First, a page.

Shacked Up in Iran? You Risk Jail
Ali and Maryam have been together for a year and a half. Ali has never had a wife, but Maryam had a short-lived marriage and divorced when she was 21. Late last year they decided to move in together. That makes them criminals because where they live, unmarried cohabitation is punishable by imprisonment. Welcome to Tehran.
The northern suburbs of Iran’s capital, where the couple live, are markedly more liberal and affluent than the rest of the city. Here, there are few clerics and headscarves hang loosely off the back of women’s heads, exposing heavily made-up faces. Still, even in this bastion of liberalism, Ali and Maryam, whose real names have been changed to protect their identity, take care to hide their true status: “We act as a married couple and introduce ourselves as a married couple.” That’s because if they get caught, the punishment is stiff. “For an Iranian woman, having sex outside of marriage is forbidden, and the punishment can be jail or even torture,” says Ali. “The Basij [a pro-regime paramilitary force] are always looking to arrest young couples.”
Beyond the threat of imprisonment and bodily harm, would-be conjoints face myriad other legal and cultural obstacles that favor traditional marriage. Indeed, most couples find it impossible to find a place to live. According to Maryam, “Landlords won’t sell or rent a house to unmarried couples because it’s illegal. If the government finds out, the property owner will be in trouble.” Luckily, she adds, “Ali has his own house, so we didn’t have to rent or buy one.” Were the couple to present themselves to landlords as an unmarried couple, the odds are good that they’d be refused a lease.
From a cultural standpoint, the idea of living together outside of marriage is completely aberrant, there’s no precedent for it in Iran. “Even during the time of the Shah, living together unmarried was unacceptable,” the couple says. “It would be much more acceptable if we were just boyfriend and girlfriend, or even traveled together, that’s more common in Iran than living together unmarried.” The powerful social stigma surrounding their relationship makes it hard to win support from even their closest relatives. Maryam’s parents, British-educated lawyers, hesitated to give the couple their blessing, fearing the reaction of more conservative members of the family. Ali’s parents simply don’t know.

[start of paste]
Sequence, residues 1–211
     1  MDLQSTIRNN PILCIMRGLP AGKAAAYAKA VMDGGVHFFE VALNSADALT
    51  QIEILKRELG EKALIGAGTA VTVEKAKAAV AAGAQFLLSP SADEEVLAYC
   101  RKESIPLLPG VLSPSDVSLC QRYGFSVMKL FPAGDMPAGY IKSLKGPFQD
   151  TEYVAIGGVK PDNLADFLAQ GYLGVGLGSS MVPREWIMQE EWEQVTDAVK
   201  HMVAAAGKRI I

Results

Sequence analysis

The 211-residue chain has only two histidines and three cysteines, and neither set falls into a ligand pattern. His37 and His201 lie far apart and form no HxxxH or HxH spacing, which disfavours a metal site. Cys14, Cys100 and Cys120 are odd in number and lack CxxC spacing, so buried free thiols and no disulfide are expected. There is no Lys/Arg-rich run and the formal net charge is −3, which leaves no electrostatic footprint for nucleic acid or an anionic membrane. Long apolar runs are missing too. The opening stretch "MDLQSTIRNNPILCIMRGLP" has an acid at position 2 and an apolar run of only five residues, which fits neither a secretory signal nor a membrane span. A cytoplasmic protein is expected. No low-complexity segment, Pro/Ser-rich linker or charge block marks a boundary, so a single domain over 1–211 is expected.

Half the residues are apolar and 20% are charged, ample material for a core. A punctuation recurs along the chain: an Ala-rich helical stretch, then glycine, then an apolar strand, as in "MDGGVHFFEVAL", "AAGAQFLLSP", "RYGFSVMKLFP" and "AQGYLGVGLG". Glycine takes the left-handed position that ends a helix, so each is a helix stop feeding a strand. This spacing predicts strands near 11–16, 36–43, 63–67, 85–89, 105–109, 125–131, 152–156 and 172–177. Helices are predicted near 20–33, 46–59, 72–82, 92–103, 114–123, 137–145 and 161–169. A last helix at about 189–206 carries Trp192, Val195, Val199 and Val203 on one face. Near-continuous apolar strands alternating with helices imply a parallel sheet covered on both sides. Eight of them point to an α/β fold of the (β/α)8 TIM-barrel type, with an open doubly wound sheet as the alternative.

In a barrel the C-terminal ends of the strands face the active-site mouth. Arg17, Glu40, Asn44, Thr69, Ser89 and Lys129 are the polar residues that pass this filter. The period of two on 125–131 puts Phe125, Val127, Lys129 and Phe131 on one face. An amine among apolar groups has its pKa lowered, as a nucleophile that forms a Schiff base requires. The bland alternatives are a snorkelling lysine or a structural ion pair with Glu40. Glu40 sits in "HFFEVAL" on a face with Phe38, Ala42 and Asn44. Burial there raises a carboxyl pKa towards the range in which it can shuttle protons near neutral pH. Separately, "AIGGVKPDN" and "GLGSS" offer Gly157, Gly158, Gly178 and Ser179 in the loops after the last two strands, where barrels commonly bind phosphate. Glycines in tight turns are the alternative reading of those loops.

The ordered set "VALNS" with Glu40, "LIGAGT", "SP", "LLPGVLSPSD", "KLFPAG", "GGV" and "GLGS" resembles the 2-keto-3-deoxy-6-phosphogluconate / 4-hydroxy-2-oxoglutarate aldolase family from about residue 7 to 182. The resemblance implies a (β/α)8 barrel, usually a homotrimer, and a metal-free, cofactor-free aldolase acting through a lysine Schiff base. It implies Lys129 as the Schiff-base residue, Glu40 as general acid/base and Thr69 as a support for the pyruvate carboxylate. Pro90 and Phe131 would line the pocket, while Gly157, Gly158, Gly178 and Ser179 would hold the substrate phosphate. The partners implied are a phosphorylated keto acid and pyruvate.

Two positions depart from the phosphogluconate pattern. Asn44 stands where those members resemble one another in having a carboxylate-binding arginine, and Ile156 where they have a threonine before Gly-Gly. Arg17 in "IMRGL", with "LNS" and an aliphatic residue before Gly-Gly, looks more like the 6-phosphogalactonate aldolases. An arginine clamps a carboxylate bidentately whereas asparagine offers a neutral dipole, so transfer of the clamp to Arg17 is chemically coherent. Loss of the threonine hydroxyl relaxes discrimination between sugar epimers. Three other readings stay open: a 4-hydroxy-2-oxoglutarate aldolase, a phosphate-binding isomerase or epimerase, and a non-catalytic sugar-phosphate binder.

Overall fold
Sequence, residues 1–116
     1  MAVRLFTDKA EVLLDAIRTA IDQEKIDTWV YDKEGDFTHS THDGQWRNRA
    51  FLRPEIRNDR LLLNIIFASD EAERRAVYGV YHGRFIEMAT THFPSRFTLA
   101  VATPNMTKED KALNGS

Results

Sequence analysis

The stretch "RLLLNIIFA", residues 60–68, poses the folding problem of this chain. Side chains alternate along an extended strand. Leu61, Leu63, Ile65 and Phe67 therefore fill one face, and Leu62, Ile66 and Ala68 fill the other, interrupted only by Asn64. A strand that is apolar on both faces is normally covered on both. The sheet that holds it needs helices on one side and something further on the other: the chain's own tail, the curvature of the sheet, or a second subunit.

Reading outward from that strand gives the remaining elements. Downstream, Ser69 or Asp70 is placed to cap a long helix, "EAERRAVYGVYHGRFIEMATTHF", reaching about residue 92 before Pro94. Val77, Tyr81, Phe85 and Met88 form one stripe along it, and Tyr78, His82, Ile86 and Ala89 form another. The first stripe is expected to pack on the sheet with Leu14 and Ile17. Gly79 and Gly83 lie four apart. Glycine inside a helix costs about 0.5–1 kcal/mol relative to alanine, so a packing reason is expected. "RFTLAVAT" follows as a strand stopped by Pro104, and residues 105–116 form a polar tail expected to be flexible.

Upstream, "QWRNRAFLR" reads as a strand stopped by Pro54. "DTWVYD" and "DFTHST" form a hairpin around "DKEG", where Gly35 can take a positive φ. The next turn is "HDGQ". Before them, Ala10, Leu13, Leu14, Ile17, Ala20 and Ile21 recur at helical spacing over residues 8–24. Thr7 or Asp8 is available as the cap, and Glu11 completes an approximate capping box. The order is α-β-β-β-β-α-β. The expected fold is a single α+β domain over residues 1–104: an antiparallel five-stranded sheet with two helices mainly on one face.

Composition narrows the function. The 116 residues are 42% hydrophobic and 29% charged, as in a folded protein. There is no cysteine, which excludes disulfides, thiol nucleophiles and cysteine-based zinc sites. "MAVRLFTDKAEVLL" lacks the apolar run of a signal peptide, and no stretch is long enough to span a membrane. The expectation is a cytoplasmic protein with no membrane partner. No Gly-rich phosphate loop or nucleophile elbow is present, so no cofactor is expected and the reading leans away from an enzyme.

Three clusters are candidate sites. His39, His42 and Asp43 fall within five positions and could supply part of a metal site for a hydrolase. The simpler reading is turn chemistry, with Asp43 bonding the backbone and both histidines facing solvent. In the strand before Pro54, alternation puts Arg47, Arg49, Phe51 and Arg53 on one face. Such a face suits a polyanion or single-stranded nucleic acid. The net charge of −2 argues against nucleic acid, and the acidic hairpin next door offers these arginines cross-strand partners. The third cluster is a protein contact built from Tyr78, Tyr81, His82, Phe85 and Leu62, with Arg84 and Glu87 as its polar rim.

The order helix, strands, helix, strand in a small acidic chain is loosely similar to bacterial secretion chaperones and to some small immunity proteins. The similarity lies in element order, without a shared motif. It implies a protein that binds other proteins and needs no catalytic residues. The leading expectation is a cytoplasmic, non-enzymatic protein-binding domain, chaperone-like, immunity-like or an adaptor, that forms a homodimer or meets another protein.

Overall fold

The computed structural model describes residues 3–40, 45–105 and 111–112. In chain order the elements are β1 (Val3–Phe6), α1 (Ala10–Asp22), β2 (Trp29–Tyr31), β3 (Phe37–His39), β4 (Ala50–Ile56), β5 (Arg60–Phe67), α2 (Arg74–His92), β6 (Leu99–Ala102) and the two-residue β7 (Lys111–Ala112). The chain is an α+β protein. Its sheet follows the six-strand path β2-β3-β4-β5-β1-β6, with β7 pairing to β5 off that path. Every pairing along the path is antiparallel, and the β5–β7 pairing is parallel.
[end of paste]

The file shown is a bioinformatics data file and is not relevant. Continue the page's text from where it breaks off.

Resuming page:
Nevertheless, both Ali and Maryam take comfort in the knowledge that they are not alone. Multiple reports indicate that unmarried cohabitation is on the rise, particularly among college students in the country’s larger cities where they can blend in easily among the hustle and bustle. “One of my friends has been living with her boyfriend for almost two years,” says Maryam. And in some areas, the phenomenon has been growing fast enough to attract the attention of the local authorities. Morteza Talaee, chairman of the sociocultural commission of the Tehran City Council, recently expressed concern over the rising number of cohabitants, linking it to an increase in the incidence of divorce.
Yet for all the obstacles they face, Ali and Maryam remain committed, both to their living situation and each other. They made the decision to move in together after an eight-year-long friendship and a year of exclusive dating. After six months under the same roof, they’re happy as ever: “We dated for a year and realized we had a lot in common…because of my experience and Ali’s not wanting to get married right now, we decided to move in together,” says Maryam.
Ali, for his part, has never been married, but “has had a lot of girlfriends” and appears to be in no rush. Looking directly into the webcam (we chatted via Skype), they confidently embrace their decision: “We are happy with the way things are. We don’t regret anything or care about or status in Iranian society.”
Disclaimer: The names of the two persons interviewed for this article have been changed to protect both their privacy and their safety.